Some 390 Imax theaters, a haven for male moviegoers, turned in a hearty 14 percent of the U.S. gross. Overall, males made up 57 percent of the audience. In terms of age, 75 percent were over 25.
Lin took over directing duties from J.J. Abrams, who helmed the first two installments in the revived franchise. Simon Pegg wrote the script with Doug Jung, while Abrams’ Bad Robot banner produced the film.
Pegg, Chris Pine, Zachary Quinto, Zoe Saldana, John Cho, Karl Urban and the late Anton Yelchin reprise their roles, while Idris Elba and Sofia Boutella join the franchise. This time out, the crew of the USS Enterprise are stranded on an unknown planet, where they face a new enemy, the ruthless military commander Krall (Elba). The studio has already announced another film planned for the franchise, although a director has not been revealed.
The sci-fi adventure earned generally strong reviews (it shows an 84 percent fresh rating on Rotten Tomatoes) and an A- from audiences.
Conversely, Ice Age: Collision Course was skewered by critics (it sports a dismal 13 percent rating on Rotten Tomatoes). The pic fared better with moviegoers, who gave it a B+. Mike Thurmeier and Galen T. Chu directed the film, which sees the lovable animals Manny, Diego and Sid trying to fend off a meteor strike that would destroy the world.
It remains to be seen whether Fox is ready to close the door on the Ice Age series. The films have now earned $3 billion worldwide, making it the most successful animated franchise in history.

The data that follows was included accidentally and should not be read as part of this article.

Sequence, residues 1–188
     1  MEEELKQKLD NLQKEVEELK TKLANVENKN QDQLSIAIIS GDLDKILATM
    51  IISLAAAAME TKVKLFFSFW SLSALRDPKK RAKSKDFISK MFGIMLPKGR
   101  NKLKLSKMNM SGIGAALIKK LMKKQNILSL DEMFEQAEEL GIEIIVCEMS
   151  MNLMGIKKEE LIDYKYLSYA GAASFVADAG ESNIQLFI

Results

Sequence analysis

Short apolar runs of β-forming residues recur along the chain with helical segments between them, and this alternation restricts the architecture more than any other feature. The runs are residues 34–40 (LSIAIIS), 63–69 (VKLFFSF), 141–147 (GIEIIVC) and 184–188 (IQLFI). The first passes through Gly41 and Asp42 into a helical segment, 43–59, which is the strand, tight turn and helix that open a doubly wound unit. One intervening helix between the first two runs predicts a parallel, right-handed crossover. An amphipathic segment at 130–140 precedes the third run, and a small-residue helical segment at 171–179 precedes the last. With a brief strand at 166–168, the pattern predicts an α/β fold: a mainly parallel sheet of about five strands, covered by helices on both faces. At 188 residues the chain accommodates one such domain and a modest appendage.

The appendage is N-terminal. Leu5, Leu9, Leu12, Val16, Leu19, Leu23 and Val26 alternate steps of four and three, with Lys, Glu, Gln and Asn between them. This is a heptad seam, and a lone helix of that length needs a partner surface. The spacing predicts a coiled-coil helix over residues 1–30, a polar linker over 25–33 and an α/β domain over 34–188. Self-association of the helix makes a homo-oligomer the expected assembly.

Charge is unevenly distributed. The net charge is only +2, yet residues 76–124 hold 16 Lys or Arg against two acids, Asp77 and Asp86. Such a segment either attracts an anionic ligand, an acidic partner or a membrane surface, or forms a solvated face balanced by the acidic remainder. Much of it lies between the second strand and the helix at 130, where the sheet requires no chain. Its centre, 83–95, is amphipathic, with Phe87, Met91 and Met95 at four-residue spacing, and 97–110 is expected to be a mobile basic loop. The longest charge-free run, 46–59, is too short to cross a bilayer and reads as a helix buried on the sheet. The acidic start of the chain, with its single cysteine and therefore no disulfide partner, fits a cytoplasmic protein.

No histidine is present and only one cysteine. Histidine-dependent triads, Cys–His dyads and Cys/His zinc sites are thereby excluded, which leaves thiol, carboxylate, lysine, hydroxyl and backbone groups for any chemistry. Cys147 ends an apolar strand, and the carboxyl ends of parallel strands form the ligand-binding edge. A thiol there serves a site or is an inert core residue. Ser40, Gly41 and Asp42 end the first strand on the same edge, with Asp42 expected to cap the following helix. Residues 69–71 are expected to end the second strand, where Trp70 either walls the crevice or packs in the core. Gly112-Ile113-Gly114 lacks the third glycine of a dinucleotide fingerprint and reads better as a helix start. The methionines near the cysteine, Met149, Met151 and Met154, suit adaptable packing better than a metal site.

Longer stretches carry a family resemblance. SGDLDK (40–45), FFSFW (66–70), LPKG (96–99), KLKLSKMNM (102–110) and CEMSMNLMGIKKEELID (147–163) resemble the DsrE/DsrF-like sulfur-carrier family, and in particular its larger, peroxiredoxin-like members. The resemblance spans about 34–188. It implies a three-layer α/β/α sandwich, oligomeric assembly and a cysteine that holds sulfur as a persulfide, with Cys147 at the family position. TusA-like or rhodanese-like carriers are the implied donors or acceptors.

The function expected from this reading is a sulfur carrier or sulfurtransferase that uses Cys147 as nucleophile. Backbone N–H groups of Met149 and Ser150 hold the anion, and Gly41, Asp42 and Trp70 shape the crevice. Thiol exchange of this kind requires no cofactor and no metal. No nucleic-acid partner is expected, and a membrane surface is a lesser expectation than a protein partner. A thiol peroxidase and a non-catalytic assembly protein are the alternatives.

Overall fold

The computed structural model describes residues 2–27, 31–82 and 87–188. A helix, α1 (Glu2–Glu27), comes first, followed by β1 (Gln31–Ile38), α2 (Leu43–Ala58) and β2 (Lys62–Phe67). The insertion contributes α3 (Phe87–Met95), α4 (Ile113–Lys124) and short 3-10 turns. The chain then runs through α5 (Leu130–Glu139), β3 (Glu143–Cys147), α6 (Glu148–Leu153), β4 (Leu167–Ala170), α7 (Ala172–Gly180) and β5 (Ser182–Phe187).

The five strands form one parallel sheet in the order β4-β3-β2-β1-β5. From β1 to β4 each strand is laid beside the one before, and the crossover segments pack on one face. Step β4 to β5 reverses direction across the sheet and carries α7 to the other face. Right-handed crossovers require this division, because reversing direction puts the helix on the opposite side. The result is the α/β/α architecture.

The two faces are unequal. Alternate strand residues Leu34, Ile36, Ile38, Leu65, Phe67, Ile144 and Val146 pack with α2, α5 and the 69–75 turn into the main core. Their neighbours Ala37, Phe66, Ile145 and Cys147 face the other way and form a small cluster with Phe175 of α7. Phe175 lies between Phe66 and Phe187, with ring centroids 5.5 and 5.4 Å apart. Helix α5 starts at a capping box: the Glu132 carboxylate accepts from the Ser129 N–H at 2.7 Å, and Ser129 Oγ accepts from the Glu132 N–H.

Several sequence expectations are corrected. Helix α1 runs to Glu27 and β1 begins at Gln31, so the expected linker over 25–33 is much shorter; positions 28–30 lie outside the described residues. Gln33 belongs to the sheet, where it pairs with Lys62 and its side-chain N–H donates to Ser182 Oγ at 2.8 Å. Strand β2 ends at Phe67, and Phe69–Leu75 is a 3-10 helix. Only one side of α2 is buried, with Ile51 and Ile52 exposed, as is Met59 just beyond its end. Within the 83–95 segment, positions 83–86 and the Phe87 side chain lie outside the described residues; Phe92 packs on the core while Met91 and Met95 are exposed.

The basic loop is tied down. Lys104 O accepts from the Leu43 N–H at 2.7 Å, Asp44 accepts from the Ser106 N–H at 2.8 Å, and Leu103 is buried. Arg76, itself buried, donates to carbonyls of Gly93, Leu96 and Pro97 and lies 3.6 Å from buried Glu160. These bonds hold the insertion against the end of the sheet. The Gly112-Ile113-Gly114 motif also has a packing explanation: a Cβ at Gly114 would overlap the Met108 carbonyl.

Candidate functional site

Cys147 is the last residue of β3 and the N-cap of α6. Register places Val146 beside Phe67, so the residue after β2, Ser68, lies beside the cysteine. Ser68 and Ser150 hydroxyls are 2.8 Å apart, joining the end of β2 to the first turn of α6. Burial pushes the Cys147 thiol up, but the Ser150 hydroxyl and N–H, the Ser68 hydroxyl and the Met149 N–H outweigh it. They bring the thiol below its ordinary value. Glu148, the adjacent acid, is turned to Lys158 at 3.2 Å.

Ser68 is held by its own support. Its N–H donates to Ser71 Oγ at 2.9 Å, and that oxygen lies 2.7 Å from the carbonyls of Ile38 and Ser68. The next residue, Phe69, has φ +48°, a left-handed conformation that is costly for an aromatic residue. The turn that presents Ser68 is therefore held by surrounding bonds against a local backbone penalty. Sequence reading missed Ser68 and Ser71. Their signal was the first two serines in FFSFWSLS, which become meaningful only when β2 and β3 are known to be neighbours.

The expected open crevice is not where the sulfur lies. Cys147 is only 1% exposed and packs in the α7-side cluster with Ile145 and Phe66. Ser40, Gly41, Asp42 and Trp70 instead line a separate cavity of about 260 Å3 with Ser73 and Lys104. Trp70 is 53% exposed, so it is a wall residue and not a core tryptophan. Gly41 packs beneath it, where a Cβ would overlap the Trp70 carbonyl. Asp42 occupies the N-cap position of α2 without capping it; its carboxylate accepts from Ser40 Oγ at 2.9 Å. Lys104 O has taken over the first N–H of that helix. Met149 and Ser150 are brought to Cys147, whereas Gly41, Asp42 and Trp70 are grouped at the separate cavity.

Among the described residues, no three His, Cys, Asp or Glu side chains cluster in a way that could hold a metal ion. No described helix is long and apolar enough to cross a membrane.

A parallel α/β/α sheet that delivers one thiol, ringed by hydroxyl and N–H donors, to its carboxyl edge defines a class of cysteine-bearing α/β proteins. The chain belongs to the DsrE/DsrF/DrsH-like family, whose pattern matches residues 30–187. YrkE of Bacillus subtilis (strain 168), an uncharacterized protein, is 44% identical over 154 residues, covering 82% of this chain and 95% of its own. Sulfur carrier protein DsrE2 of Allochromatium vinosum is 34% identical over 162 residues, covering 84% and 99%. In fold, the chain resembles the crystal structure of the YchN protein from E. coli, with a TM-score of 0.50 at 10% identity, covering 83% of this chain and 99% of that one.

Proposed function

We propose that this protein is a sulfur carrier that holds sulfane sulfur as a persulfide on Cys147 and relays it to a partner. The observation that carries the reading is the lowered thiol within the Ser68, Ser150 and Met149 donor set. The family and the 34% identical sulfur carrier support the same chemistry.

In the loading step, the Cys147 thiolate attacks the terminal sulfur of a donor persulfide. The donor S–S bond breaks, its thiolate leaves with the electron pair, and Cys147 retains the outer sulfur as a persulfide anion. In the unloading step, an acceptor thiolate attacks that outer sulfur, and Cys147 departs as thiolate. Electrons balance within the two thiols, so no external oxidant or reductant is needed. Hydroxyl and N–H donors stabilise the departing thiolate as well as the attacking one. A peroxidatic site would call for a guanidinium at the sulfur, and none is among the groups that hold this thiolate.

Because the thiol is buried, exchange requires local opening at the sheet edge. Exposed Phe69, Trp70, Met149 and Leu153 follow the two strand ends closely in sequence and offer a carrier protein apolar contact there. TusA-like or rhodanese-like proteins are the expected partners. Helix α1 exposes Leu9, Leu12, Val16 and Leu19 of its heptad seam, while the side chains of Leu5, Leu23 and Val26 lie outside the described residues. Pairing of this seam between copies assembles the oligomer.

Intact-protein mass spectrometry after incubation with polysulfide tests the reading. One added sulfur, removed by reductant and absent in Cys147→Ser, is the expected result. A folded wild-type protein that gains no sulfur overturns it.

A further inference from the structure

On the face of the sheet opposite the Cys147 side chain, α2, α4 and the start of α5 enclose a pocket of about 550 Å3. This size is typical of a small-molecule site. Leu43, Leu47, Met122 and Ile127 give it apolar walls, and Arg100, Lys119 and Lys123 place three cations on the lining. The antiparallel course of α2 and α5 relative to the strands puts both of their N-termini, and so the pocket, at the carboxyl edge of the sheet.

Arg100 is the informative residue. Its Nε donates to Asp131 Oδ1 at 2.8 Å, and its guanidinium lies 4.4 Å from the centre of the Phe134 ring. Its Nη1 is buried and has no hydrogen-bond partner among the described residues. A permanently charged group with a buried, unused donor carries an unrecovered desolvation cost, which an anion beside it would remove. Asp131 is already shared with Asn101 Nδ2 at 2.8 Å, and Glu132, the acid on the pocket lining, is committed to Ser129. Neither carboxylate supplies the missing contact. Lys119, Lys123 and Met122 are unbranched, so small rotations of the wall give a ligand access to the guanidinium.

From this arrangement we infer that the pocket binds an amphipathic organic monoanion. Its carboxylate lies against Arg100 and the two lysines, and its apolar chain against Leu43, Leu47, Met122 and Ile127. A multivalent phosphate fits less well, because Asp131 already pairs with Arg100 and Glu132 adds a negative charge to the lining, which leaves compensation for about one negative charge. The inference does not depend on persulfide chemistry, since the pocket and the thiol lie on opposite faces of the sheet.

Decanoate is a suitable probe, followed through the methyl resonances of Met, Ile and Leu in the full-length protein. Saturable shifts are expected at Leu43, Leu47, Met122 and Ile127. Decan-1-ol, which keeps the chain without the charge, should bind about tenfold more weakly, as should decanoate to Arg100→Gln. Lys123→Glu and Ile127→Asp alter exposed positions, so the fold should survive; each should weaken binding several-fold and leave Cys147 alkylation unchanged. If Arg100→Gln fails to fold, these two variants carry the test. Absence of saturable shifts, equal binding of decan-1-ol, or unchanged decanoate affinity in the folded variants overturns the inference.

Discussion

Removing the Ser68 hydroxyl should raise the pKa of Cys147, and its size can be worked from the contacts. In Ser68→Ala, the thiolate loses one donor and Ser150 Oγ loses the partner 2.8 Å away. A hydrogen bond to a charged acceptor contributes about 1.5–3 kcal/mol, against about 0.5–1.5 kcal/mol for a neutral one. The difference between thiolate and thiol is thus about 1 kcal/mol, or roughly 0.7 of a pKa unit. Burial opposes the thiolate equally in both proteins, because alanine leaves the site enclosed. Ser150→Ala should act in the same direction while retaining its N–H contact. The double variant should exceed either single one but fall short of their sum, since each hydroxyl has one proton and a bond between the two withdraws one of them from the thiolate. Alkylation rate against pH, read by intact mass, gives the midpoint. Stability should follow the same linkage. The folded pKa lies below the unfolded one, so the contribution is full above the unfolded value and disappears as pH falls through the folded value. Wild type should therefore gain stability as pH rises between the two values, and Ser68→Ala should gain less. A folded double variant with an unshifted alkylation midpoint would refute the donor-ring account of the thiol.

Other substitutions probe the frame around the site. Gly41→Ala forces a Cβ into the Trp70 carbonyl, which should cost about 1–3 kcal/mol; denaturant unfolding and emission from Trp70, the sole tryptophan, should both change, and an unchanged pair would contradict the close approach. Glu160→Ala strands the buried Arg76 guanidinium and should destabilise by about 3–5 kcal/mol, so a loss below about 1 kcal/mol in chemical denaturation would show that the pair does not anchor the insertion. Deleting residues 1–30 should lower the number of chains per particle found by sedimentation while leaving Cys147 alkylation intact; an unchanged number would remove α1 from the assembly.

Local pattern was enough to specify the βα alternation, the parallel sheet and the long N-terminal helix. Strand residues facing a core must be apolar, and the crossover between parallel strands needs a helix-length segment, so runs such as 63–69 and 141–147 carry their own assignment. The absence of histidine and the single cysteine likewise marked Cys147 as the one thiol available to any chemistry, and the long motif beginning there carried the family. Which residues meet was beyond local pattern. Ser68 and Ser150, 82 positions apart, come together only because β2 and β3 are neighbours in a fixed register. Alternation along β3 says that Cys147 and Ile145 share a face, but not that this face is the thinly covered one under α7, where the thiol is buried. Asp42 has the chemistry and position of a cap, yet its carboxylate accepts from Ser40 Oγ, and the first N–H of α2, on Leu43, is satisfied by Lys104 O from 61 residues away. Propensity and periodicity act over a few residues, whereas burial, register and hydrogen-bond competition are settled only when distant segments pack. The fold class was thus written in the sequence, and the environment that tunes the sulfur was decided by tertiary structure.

Collision Course faced tough going all the way around; Pixar’s Finding Dory placed No. 6 in its sixth weekend with more than $7 million, pushing its domestic total to $460.2 million — the ninth-best showing of all time — and global cume to $781.7 million after earning another $19.5 million overseas from 45 markets.
Produced by James Wan, Lights Out stars Teresa Palmer as a young woman who tries to protect her brother from a malevolent spirit connected to their mother’s past. Overseas, the pic scared up $8.3 million from more than 30 markets for a global bow of $29.9 million.
Warner Bros. domestic distribution chief Jeff Goldstein said Lights Out continues New Line’s winning streak in the horror space after such films as The Conjuring series. “Anytime you can gross four times your production budget on opening weekend, that’s a huge win,” he said. “James Wan saw something in this young director, David Sanberg, and went for it.”
Sony’s Ghostbusters fell 53 percent in its second weekend, by far the largest drop for a movie directed by Paul Feig. The reboot has now earned $86.9 million domestically. Overseas, it took in another $10.5 million from existing markets for a foreign cume of $36 million and global total of $122.9 million.
Elsewhere, conservative author and filmmaker Dinesh D’Souza’s Hillary Clinton documentary Hillary’s America: The Secret History of the Democratic Party cracked the top 10 in its nationwide expansion, earning $3.7 million to $3.9 million from 1,217 theaters. The movie’s expansion is timed to the Democratic National Convention, which kicks off Monday in Philadelphia.
Among more limited offerings, Fox Searchlight’s Absolutely Fabulous: The Movie, based on the hit British TV series, took in $1.9 million from 313 theaters, thanks to interest among adult females.
And the critically acclaimed Don’t Think Twice, from director Mike Birbiglia, scored the top location average of the year to date as it opened to $90,000 in one theater.
In its second weekend, Woody Allen’s Cafe Society expanded from five theaters to a total of 50, earning $875,000 for a location average of $17,500 — the second best of the weekend — and a cume of $1.4 million for Amazon Studios and Lionsgate. The movie is far from matching the success of Midnight in Paris (2011) or Blue Jasmine (2013), but it is performing on par with To Rome With Love (2012), which topped out at a respectable $16.7 million.